Donald Trump’s personal beliefs have been much scrutinised throughout his presidency. Comments Trump made at a recent campaign event have brought this discussion to the fore once again.
Speaking of the threat of the coronavirus, Trump remarked,
You can do everything you want, but you know, you still need help from the boss… Yeah, we need help. It’s alright to say it. Now they’ll criticise me for that: ‘How dare he say that!’ … Nah, I’ll say it…
Somebody said to me the other day, ‘You’re the most famous person in the world by far’. I said, ‘No, I’m not.’ … They said, ‘Who’s more famous?’ I said, ‘Jesus Christ’.
Americans are widely known for invoking God in public forums to appeal to a fading but still widespread cultural belief in God. For that reason, many will doubtless dismiss the president’s recent remarks as pandering. But it is notable that Trump referred not just to God but to Jesus Christ, clearly identifying himself with the nation’s 200 million professing Christians.
A common dismissal of Trump’s faith centres on his conduct before entering office. It’s no secret that Trump was an audacious billionaire from liberal New York who has a history of sexual immorality and a string of broken marriages. To some Christians, these sins are unforgivable.
In the present, perhaps Trump’s most condemned trait is his big-mouthed brashness. At times, this is excusable: there are many biblical precedents for a strong verbal game when facing devious enemies. Other times, however, Trump’s words are unkind and unnecessary, and anyone can see it.
An obvious statement that can be made about Donald Trump’s Christianity is that he’s a fairly lousy ambassador for it — at least as far as charm and amiability is concerned.
But we should bear in mind that one’s Christian witness consists in more than just this. Trump’s rival Joe Biden, for example, has a more agreeable personality, but is an advocate of abortion up to birth for any reason; a holocaust that he wants American taxpayers to fund. Compared to Trump (who is easily the most pro-life president in living memory), that’s horrifically un-Christian of Biden, who is a professing Catholic.
In other words, the sincerity of someone’s faith is measured by more than just a polite exterior.
In terms of Donald Trump’s spiritual heritage, his family traces their roots back to the Hebrides revival in 1950s Scotland. He was raised and confirmed in the Presbyterian Church and has shared that his parents “taught me the importance of faith and prayer from a young age.”
In more recent years, Trump has begun to identify as a “non-denominational” Christian — a term often used by Americans to denote a big-tent evangelical-charismatic faith common to larger churches.
President Trump has welcomed pastors, worship leaders and other Christian leaders into the White House to hold “faith briefings”, and is known to allow worship services to take place within its walls — something very unusual for a president in modern times.
I had the opportunity to personally meet with former Kansas Governor Sam Brownback, who is now part of the Trump administration in the role of Ambassador at Large for International Religious Freedom. Brownback explained to me that Donald Trump is a man with a deep respect for religious faith, and that he has surrounded himself with more Christian believers than any recent president.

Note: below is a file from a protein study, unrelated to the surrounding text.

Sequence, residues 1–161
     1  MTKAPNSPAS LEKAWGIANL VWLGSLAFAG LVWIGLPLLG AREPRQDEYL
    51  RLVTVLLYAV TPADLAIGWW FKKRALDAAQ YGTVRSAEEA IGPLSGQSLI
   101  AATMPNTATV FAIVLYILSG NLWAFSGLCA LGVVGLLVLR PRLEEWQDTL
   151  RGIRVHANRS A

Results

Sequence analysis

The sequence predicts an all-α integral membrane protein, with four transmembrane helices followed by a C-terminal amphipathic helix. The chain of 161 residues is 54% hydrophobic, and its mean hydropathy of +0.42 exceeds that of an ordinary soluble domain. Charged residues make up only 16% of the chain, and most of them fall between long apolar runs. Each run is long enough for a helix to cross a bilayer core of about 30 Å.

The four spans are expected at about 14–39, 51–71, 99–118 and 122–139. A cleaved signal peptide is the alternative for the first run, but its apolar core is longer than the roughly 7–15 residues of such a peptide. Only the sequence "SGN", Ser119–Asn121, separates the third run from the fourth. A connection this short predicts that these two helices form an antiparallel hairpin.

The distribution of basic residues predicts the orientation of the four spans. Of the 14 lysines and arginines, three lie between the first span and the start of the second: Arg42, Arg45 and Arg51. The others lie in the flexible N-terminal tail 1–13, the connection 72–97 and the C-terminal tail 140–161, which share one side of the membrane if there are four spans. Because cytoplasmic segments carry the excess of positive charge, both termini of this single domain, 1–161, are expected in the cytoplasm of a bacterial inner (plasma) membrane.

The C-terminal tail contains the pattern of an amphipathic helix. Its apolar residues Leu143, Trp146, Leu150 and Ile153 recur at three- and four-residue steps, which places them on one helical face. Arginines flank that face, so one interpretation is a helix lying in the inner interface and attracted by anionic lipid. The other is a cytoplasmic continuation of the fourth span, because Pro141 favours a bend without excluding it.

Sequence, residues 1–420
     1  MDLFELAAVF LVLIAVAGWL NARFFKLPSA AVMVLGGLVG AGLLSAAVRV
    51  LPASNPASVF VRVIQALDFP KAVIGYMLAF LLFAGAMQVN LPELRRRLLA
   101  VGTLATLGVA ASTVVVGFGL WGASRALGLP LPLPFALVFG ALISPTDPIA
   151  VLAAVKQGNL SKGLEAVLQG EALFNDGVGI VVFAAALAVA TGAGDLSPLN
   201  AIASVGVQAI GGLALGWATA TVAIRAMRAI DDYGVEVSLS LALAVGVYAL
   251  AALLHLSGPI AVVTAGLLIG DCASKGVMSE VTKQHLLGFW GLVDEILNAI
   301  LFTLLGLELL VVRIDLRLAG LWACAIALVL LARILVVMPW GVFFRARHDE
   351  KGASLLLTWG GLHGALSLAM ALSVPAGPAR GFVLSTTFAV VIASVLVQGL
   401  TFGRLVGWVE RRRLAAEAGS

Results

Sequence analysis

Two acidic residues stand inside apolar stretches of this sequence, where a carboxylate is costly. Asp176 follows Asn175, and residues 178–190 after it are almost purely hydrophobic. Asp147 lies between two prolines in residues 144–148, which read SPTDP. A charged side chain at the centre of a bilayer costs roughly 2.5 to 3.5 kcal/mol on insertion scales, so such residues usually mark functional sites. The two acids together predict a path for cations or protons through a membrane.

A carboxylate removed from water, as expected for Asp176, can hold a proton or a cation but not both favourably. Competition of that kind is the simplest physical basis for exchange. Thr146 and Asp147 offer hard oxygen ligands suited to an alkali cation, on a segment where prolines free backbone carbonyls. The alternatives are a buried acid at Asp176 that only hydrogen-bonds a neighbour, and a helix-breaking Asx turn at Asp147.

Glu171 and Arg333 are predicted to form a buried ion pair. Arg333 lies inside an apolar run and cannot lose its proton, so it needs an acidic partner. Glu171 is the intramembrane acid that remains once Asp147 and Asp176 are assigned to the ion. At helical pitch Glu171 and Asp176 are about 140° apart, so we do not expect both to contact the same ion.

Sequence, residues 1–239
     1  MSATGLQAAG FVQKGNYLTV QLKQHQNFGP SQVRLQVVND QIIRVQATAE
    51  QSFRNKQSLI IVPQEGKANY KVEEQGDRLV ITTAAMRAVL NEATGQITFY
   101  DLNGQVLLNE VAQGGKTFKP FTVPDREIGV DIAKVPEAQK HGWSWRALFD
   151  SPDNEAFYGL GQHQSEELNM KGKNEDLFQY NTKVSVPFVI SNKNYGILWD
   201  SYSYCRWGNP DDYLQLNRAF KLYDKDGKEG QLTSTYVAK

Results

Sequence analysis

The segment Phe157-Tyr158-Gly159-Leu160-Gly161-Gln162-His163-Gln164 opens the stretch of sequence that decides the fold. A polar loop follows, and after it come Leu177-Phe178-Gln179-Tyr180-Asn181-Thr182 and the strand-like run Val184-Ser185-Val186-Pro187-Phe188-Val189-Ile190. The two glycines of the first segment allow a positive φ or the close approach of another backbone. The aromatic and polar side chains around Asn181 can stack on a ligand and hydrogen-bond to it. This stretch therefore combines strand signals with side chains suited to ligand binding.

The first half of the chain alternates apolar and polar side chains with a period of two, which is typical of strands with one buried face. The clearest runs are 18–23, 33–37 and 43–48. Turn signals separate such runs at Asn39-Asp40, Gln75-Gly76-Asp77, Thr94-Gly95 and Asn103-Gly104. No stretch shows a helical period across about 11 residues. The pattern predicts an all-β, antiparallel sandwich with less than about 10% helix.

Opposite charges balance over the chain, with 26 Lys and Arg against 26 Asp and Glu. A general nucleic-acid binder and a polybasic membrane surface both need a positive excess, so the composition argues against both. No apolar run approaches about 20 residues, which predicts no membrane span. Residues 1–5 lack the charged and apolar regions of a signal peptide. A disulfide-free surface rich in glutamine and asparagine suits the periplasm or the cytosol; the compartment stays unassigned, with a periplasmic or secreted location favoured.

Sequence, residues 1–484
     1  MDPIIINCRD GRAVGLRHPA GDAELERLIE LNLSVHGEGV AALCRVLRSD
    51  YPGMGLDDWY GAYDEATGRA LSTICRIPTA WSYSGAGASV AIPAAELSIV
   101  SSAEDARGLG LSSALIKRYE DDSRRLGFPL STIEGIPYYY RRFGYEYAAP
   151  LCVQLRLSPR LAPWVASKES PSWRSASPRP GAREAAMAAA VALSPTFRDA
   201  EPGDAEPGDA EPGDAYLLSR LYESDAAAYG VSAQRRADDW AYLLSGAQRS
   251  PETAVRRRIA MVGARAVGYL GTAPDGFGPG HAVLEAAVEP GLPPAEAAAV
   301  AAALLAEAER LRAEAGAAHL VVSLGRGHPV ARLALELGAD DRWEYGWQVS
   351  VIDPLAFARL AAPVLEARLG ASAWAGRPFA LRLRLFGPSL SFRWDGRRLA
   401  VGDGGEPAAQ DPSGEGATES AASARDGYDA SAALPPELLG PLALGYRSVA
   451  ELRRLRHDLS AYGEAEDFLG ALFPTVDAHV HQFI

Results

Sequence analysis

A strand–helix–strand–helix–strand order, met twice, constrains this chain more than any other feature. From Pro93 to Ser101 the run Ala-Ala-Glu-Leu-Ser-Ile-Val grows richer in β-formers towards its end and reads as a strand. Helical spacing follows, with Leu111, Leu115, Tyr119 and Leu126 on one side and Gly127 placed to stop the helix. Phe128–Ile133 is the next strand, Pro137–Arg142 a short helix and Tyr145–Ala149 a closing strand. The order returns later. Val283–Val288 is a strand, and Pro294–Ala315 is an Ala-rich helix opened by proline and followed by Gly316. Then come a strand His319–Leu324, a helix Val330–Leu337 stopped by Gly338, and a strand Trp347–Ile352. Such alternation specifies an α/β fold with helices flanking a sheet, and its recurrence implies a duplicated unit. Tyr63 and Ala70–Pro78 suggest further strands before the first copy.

And the results of this are showing. Trump has worked overtime to appoint 220 judges, including three Supreme Court justices, who will interpret the constitution as written, guarding Christian values for generations to come.
On more than one occasion, he has confronted the powers-that-be at the United Nations, rejecting their pro-abortion, elitist-globalist policies — and taking a sensible stand on nationalism and freedoms like speech and religion that are under threat in many parts of the world.
Trump is the first president in 40 years to start no new wars, and he has struck historic peace deals in the Middle East that have eluded past leaders — all the while being unashamedly pro-Israel in prose and policy.
In the face of a rising radicalism that berates the West as irredeemably racist and that seeks to supplant the gains of the civil rights movement with new, ugly forms of racism, Trump has hit back hard. He has instead affirmed the progress that America has made for equality, and the importance of celebrating this, countering the radicalism, and staying the course to ensure equal treatment for all.
In defiance of unfounded accusations that he is a racist, Donald Trump has worked hard with the Black community, breaking records for Black unemployment, funding historically Black colleges, and prioritising prison reform. If the polls for the upcoming election are accurate, Trump may win the highest Black vote of any Republican in decades.
All of this Trump has achieved at considerable financial loss to himself. He has seen his personal empire devalued by $1 billion during this time, and has chosen to donate his quarterly $100,000 salary to charities helping the sick, veterans, farmers and children.
Yes, Trump has no filter when he tweets, and he has a big, boastful mouth to match. But much of his conduct — at least in terms of what he has achieved for everyday Americans and for those most in need — is credibly Christian. And arguably, it is the very characteristic that so many dislike about him — his take-no-prisoners bullishness — that has enabled him to advance Christian causes with no care for the vitriol of his critics.
Trump is no poster-boy for Jesus. And who really knows where his heart is at? But he has provided more than a few reasons to be taken seriously in his fumbling attempts to follow Jesus.
This article was originally published by The Canberra Declaration.